CDD 4/20: What’s next for downtown cameras

Columbia’s Daily Dish, April 20
What’s next for downtown cameras (CM) The downtown cameras initiative passed April 6, but Columbia Police Chief Ken Burton must still decide what cameras will be used and where they will go before the Columbia City Council can approve funding.

After inspectors’ recommendations, Truman Veterans Hospital staff to undergo training (CM) Hundreds of support staff and about 30 medical workers at the Harry S. Truman Memorial Veterans Hospital will undergo training to refresh their skills on protective gear usage and proper sterilization of reusable medical equipment.

Review board’s trip request is questioned (CDT) The Columbia Citizens Police Review Board’s request for travel allowances met some resistance from the new members of the Columbia City Council last night.

Former sheriff backs J. Scott Christianson (CDT) Former Boone County Sheriff Ted Boehm has offered his endorsement to J. Scott Christianson in the Columbia Democrat’s campaign to become Boone County presiding commissioner.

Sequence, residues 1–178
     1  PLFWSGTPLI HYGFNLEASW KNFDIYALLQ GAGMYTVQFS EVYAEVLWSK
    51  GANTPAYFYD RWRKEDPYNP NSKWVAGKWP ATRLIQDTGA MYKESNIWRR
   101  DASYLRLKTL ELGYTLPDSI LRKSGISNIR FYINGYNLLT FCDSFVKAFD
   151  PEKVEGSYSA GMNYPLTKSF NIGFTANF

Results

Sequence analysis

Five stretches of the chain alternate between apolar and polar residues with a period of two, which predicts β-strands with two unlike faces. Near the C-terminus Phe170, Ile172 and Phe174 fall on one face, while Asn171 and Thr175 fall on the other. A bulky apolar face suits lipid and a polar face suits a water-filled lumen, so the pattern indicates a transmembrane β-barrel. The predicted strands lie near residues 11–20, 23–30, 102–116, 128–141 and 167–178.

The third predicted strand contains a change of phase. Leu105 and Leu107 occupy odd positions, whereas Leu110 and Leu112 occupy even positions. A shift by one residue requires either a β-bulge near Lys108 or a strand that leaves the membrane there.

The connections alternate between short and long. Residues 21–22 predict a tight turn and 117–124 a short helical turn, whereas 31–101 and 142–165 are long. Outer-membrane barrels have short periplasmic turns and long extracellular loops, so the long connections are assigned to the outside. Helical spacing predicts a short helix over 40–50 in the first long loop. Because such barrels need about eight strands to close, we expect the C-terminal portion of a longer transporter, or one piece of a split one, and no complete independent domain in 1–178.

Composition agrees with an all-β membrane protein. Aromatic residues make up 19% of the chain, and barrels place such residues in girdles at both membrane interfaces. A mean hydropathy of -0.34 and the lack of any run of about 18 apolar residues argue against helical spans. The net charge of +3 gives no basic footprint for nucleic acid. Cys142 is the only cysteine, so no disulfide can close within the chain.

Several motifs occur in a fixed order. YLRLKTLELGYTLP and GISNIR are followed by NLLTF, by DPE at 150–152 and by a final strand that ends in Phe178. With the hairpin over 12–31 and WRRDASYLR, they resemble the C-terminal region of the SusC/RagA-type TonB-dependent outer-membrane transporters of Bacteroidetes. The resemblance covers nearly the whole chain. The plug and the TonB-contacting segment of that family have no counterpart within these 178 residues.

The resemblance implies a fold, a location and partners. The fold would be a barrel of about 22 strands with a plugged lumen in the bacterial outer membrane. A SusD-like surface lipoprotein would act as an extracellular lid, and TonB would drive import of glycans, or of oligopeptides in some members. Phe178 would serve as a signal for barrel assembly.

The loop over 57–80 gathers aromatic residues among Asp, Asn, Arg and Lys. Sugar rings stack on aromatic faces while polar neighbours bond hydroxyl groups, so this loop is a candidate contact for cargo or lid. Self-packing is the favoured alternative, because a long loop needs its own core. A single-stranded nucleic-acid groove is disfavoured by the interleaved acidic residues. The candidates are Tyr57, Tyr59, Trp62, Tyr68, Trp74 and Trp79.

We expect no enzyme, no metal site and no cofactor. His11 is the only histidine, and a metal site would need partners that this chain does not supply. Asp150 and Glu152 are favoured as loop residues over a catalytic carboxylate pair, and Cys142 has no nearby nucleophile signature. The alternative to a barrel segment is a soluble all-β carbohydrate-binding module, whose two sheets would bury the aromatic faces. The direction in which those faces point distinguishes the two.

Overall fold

Bustamante asks to finish school (CDT) Alyssa Bustamante, the teenager accused of murdering 9-year-old Elizabeth Olten in St. Martins last year, has filed a motion asking the court to allow her to finish high school.

Columbia is well ahead of 2022 goal for renewable energy (CM) In 2004, Columbia voters overwhelmingly passed an act to make Columbia a greener city by requiring 15 percent of its energy come from renewable sources by 2022. A yearly report is required to make sure all is going according to plan. City Council reviewed last year’s progress and this year’s expectations Monday.

Pedestrian bridge on Providence could be torn down (CM) There was little discussion of a $293,000 project to make crossing Providence Road safer for pedestrians at Monday night’s City Council meeting.

City works toward sewer bill fix (CDT) Officials said the city plans to shift from a system that charges each “user” a monthly base fee of $6.09 to one that applies a monthly base fee to each water meter. The term “user” is not clearly defined in the current ordinance, leading to varying interpretations that could apply it to something as small as a single hospital room or as large as the owner of multiple properties.

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